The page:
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San Diego Trauma System Celebrates 30 Years Of Saving Lives

Evening Edition

San Diego firemen, first responders and hospital employees gathered Friday at Scripps Memorial Hospital La Jolla to celebrate the 30th anniversary of the San Diego Trauma System.

The coordinated trauma care system is made up of six hospitals in the county that are each equipped with an elite team of trauma specialists.

During the wildfires in the county earlier this month, coordination among first responders was key to preventing damage and saving lives. No one sustained major injuries in the fires, but that type of teamwork is the hallmark of the San Diego Trauma System, which is now regarded as a model for the rest of the nation.

At the celebration, attendees created and signed a banner to thank the firefighters and first responders for their efforts.

The six hospitals in the trauma system are Rady Children’s Hospital, Palomar Medical Center, Scripps Memorial Hospital La Jolla, Scripps Mercy Hospital, Sharp Memorial Hospital and UC San Diego Medical Center. The San Diego Fire Department works with the hospitals, as does Mercy Air, which provides aerial transport for patients.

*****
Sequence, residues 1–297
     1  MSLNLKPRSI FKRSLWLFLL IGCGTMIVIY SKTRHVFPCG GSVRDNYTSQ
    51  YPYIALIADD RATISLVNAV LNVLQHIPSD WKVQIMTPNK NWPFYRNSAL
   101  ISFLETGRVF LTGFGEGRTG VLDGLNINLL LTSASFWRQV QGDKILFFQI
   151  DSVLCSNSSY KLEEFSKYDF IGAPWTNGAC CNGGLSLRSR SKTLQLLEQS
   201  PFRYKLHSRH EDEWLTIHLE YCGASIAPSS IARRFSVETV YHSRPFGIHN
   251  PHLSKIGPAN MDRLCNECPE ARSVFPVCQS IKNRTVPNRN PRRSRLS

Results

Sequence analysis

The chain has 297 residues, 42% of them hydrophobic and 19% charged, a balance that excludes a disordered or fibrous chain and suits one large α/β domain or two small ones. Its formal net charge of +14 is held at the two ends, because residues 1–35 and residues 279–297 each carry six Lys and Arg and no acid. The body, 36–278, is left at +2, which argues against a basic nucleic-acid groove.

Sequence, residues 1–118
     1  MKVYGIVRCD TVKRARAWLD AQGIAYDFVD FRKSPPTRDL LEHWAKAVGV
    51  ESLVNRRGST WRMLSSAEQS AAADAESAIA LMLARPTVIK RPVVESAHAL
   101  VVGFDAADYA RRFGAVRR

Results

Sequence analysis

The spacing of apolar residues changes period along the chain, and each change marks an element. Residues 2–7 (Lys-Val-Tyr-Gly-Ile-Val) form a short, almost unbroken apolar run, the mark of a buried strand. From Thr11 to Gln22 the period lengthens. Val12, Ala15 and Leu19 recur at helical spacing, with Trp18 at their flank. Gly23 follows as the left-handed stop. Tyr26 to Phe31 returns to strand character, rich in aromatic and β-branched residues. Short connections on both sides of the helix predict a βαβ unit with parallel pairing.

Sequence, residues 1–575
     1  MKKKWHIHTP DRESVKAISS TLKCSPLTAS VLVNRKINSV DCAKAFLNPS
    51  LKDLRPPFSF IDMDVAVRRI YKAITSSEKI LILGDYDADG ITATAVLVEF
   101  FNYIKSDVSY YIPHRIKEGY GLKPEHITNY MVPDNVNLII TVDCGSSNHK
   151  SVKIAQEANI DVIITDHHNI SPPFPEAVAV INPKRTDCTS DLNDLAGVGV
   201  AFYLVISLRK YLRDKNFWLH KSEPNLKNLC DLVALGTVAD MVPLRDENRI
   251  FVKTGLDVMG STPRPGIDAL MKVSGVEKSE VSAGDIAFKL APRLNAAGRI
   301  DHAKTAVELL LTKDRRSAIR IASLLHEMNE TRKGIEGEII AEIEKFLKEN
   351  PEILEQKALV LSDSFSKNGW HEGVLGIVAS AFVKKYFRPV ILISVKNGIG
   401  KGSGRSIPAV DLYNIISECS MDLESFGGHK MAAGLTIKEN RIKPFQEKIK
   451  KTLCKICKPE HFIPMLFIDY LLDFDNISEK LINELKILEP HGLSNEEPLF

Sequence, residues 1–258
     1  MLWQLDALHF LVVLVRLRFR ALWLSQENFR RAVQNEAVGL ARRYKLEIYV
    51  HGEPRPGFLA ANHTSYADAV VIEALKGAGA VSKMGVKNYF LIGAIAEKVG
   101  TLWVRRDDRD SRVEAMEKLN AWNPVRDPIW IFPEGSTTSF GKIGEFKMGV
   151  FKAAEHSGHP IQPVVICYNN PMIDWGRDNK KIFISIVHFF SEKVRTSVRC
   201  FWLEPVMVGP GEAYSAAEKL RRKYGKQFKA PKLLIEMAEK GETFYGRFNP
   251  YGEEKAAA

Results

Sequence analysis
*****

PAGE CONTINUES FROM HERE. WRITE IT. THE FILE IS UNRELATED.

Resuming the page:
The system has helped save the lives of more than 230,000 severely injured people in the county. Melanie Gawlik, director of trauma services at Scripps Memorial, says the determination of whether or not a patient needs to go to a trauma center is based on a variety of factors.

“It’s based on the actual mechanism of injury. If you’re in a car, how fast were they going? If they fall, were they on blood thinners? So there’s a lot of criteria that goes in place before you are taken to a trauma center,” Gawlik says.

The most critically injured patients are transported to the nearest trauma center by a Mercy Air helicopter. The trip takes an average of 15 minutes.

“Ever since we started this trauma system, they actually say you have a better chance of surviving an injury here in this county than anywhere in the United States,” Gawlik said.

The mortality rates for San Diego trauma patients have been cut in half, from 21 percent to 10 percent, since the program started in 1984.

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